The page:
“Everything feels like a stressor, Jessica. I can’t cope with any of it,” one of my clients told me.
We were seeking ways to help her lower her stress levels and regain her energy. While exploring options, she realized that even the idea of meditating, choosing a film, or running a bath felt exhausting. She wasn’t just stressed by actual stressors, everything had become stressful.
She’s not alone. I see this in most of my clients, and in myself, too. Hypothalamic-pituitary-adrenal (HPA) axis dysregulation is rampant among the endometriosis community. Years of chronic pain, dismissals by doctors and even loved ones, anxiety, depression, and sleepless nights from health worries and pain all lead to total burnout.
The HPA axis is a system that allows the hypothalamus and the pituitary and adrenal glands to communicate. The system can then respond to stress and regulate our internal body clock by releasing adrenaline and cortisol.
Chronic physical or emotional stress can cause elevated cortisol levels. Over time, this can lead to system dysregulation, resulting in significantly reduced cortisol levels.
At first, this may not sound like a bad thing. But cortisol dictates our circadian rhythm. It wakes us up, it energizes us for the day, and it decreases to allow us to sleep at night. When our cortisol levels are low or not at the proper levels, we may feel exhausted all day, every day, or exhausted in the morning yet wired at night. To understand this further, head to my recent column titled “The HPA Axis Dysfunction’s Connection to Endometriosis.”
What can you do about it if this sounds like you? First, check that the symptoms resonate with you. Dr. Jolene Brighten shares a comprehensive list of symptoms here, as does Nicole Jardim in her book, “Fix Your Period.”
The next step is testing your cortisol awakening response, if you can afford to do so. This test shows what your cortisol levels are throughout the day. A salivary test, commonly called a CAR, is the best option.
Of course, I always recommend you work with a practitioner or at least educate yourself with reliable sources, such as “The Adrenal Thyroid Revolution” by Aviva Romm, MD. But there are some foundational changes you can begin making now that will help your body to recover.
Give yourself a set wake-up time and bedtime each day, and try to stick to it as much as possible. Think of it as resetting the time on your alarm clock before setting the alarm. Your circadian rhythm needs to know the time and structure of the day before it can work out what time to raise cortisol levels and wake you up.
Get enough sleep
Of course, this idea can be stressful when we’re struggling to sleep in the first place. Don’t worry about getting it perfect — just have the intention of improving your sleep and know it may take some time to get there.
Aim to be in bed for nine hours to allow your body the chance to get eight hours of sleep. Work on your evening routine to optimize your chances of getting some good shut-eye.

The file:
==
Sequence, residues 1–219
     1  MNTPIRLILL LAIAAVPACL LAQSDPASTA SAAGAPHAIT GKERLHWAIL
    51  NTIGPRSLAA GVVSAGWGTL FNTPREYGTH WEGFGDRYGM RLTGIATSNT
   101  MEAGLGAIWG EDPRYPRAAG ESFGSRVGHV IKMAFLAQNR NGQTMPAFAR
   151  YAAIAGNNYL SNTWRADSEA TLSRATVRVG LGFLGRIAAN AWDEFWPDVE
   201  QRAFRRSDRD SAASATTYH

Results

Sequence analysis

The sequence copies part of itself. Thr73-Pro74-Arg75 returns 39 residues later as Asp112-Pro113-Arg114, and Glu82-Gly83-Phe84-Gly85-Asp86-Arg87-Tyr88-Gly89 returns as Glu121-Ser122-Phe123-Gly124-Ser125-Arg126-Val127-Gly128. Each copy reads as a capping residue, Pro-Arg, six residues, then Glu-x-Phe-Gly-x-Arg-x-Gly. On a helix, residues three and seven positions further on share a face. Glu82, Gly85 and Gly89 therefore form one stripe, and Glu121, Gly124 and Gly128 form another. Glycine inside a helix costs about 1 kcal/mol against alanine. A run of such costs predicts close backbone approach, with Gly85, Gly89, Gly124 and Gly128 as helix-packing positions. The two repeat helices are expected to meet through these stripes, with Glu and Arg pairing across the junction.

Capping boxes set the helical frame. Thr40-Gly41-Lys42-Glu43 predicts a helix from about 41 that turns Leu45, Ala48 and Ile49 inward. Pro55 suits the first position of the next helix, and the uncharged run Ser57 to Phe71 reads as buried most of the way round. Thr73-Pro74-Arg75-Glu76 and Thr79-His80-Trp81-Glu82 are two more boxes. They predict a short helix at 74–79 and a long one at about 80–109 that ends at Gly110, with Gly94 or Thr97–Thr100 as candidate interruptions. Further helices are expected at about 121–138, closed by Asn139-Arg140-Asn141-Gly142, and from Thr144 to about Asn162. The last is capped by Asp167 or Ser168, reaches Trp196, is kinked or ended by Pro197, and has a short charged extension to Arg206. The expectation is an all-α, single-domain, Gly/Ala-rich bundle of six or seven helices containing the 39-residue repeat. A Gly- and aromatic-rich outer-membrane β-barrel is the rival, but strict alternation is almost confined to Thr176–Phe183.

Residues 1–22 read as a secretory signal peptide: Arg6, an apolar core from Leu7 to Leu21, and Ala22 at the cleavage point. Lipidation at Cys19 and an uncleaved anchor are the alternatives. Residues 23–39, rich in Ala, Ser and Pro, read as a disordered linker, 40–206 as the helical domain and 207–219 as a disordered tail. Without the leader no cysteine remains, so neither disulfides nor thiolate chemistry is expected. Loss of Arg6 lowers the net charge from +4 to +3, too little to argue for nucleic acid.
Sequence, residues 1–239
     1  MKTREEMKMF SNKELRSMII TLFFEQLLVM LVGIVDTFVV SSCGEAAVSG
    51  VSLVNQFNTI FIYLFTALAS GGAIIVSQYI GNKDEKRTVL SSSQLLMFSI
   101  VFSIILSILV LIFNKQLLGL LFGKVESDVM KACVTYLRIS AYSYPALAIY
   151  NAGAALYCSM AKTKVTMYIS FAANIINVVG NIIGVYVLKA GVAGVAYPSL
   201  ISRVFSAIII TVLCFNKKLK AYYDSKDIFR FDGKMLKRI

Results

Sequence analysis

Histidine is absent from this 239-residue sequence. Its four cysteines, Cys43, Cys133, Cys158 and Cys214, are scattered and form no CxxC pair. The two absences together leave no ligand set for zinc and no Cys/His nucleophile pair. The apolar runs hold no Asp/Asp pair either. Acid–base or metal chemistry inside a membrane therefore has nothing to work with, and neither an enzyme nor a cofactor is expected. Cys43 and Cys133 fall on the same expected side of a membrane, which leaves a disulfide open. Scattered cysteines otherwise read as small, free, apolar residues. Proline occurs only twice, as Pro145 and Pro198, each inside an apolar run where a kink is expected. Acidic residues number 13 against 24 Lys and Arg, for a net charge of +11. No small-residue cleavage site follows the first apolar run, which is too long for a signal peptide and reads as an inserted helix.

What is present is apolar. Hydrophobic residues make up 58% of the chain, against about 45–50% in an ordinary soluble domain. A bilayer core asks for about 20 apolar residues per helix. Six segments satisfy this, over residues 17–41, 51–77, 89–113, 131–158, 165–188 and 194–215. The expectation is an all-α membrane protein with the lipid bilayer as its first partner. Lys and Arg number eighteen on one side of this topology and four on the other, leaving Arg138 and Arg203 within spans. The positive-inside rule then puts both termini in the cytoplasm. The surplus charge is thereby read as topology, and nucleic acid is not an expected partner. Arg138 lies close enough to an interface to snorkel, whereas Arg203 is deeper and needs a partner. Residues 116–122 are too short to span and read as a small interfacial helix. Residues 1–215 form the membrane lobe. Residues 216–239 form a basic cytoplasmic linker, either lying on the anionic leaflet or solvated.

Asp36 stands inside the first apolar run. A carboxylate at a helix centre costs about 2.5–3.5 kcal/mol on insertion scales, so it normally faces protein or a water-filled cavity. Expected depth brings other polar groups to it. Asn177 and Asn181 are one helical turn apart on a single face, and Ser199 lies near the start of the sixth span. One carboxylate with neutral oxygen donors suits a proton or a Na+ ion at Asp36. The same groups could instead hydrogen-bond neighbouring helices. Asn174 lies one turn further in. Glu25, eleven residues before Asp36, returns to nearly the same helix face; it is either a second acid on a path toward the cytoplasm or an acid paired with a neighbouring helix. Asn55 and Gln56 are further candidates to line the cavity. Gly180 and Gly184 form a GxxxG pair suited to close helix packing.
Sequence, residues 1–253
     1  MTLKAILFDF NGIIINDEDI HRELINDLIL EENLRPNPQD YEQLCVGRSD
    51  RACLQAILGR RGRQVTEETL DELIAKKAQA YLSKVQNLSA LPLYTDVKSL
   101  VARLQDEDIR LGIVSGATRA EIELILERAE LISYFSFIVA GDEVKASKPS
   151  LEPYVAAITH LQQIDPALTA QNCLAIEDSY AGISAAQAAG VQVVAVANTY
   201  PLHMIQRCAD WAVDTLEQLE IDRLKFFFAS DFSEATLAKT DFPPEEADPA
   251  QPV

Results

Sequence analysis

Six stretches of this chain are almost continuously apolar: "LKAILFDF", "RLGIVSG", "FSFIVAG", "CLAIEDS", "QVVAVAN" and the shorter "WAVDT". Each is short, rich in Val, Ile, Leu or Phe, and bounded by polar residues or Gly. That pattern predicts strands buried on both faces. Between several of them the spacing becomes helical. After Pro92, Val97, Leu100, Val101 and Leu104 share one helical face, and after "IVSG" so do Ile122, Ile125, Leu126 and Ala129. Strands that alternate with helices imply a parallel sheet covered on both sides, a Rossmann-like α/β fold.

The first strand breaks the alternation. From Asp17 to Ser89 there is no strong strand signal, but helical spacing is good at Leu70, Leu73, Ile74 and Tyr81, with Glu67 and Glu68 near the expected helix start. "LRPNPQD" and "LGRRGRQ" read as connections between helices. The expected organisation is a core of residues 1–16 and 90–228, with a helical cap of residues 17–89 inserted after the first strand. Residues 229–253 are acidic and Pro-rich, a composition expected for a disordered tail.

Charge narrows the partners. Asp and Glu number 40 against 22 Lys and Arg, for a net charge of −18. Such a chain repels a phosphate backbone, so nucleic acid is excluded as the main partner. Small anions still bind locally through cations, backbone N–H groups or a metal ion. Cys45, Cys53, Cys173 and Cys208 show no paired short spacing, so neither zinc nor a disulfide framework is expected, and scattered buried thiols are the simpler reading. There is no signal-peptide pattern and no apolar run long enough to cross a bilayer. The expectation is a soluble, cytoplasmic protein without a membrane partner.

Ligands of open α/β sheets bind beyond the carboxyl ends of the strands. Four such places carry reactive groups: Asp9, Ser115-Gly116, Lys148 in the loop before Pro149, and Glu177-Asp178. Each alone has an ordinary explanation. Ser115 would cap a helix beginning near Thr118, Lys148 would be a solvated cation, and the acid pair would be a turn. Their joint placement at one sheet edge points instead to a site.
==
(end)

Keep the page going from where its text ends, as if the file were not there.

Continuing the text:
Your circadian rhythm responds to sunlight — it needs to know when it’s day and when it’s evening. Getting about 20-30 minutes of sunlight (without sunglasses) as early as possible can help get your circadian body clock back on track. If you don’t have energy to go outside, you could sit by an open window when you first wake up or eat breakfast in your garden, if you have one.
Chronic stress caused the dysregulation in the first place. While we cannot avoid stress completely, we need to find ways to lower our cortisol levels daily. This could be five minutes of mindfulness before work or even just deep breaths spaced throughout your day. Whatever you do, the key is finding something you enjoy and can do on a daily basis.
Chaotic blood sugar doesn’t just cause inflammation and problems with our sex hormones, it can mess up our HPA axis, too. At a minimum, make sure you’re eating regularly, not allowing yourself to go hungry, and having fiber, fat, and protein with each meal and snack. Learn more about blood sugar here.
Note: Endometriosis News is strictly a news and information website about the disease. It does not provide medical advice, diagnosis, or treatment. This content is not intended to be a substitute for professional medical advice, diagnosis, or treatment. Always seek the advice of your physician or other qualified health provider with any questions you may have regarding a medical condition. Never disregard professional medical advice or delay in seeking it because of something you have read on this website. The opinions expressed in this column are not those of Endometriosis News or its parent company, BioNews, and are intended to spark discussion about issues pertaining to endometriosis.
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